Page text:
ERC Starting Investigator grant FP7 – 261213
An inter-disciplinary approach for identifying evolutionary active regions in the human genome.
Over the past 100,000 years humans have dispersed globally and been repeatedly challenged to cope with the diverse range of natural environments and climate of our planet. The economic and cultural shifts from a non-sedentary lifestyle to a food producing and settled way of life in the last 10,000 years have further exposed us to a range of new diets and diseases related to increased population densities. In view of such major changes in the human environment, shifts brought about both by new lands, new socio-economic systems and changing climate, this project asks the question - How adapted to their environment are humans today?
In order to answer this question, we use genetic evidence to reveal which parts of our genome have experienced the highest degree of change recently, thus showing us the way to identify those aspects of our biology that have been, or still are, most maladapted to our modern environments.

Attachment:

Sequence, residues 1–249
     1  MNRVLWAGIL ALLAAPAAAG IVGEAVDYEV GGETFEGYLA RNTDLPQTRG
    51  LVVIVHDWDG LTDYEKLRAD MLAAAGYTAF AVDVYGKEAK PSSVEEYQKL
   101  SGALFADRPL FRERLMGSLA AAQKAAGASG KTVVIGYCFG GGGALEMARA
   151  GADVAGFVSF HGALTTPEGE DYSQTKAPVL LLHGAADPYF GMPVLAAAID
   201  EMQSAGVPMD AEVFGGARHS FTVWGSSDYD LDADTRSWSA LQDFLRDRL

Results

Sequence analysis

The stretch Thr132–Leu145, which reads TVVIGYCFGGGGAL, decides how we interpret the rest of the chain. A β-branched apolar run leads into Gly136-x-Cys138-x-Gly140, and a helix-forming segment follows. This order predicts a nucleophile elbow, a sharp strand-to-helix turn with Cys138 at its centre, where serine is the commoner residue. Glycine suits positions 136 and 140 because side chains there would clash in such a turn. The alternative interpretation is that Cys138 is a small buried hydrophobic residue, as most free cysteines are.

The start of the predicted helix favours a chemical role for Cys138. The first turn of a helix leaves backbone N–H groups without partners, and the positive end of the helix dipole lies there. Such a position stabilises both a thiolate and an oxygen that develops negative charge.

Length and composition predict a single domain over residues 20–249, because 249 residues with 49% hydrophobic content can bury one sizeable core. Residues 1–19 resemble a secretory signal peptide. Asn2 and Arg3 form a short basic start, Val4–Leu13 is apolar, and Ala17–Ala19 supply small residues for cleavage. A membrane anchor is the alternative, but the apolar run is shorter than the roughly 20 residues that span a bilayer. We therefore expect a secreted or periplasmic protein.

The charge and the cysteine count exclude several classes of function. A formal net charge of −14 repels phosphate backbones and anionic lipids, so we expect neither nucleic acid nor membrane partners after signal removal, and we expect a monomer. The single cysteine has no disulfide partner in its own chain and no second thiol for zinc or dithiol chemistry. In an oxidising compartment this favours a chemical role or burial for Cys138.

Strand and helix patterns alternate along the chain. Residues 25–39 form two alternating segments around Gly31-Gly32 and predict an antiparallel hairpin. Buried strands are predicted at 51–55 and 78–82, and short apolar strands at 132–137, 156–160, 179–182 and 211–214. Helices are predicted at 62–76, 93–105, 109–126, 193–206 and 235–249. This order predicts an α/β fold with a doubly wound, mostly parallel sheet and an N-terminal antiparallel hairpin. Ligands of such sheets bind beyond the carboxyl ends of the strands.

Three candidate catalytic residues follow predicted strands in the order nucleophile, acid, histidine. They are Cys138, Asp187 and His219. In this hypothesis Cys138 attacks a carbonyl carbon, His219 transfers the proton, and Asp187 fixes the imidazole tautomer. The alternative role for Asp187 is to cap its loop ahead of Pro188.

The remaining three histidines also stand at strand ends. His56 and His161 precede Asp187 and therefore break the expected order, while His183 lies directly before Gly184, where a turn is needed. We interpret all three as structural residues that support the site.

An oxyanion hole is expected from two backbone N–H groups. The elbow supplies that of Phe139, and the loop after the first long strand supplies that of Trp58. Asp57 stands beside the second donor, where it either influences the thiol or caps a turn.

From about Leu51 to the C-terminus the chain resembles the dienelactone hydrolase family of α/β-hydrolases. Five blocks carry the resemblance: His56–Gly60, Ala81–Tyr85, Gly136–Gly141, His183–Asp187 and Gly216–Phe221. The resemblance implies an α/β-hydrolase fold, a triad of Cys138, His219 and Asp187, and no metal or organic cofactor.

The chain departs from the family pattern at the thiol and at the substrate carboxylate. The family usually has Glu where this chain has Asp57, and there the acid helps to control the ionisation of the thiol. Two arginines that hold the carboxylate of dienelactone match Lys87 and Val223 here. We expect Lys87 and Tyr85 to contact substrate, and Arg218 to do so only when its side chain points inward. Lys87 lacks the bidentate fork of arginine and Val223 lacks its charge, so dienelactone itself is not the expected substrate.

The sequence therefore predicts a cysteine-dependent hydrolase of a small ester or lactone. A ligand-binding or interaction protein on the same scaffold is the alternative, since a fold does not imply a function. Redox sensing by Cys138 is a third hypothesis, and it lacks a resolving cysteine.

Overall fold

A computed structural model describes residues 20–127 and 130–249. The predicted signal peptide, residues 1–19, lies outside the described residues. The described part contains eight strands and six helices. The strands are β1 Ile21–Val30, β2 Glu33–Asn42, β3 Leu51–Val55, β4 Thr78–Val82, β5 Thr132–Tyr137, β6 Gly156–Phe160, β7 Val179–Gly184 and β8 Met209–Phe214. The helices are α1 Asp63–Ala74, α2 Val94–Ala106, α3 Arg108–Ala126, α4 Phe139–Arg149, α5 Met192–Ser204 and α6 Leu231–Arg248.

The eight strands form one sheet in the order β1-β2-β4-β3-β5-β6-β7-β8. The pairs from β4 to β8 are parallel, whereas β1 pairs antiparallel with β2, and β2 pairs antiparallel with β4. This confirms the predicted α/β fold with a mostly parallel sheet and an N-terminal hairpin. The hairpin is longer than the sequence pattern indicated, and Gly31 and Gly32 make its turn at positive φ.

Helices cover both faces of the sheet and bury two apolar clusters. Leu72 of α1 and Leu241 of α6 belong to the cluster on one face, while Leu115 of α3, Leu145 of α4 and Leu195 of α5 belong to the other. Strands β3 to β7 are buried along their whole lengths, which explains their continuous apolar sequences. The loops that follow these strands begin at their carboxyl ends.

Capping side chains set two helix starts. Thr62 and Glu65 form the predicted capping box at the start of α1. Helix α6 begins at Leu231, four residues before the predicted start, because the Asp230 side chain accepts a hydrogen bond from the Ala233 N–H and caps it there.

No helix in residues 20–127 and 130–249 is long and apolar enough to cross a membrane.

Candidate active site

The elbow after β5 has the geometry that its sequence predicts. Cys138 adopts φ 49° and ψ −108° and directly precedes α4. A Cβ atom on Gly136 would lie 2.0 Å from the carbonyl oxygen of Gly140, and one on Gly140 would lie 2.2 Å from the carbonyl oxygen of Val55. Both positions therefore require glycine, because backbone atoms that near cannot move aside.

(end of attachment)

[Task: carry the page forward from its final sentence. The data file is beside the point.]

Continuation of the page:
The project will focus on three major aspects of human adaptation
– natural environment (cold, high altitude, pathogens)
To explore these, the project focuses on four areas of the world – North Asia (Siberia), Southeast Asia, Madagascar and Andes. For each of these areas, it will compare past and present environments, history of population dispersals, and contrast the patterns of phenotypic and genomic diversity in the populations living there today. We use a combination of whole genome genotyping and sequencing approaches to generate the data on which various selection tests and analyses of demographic history will be applied systematically.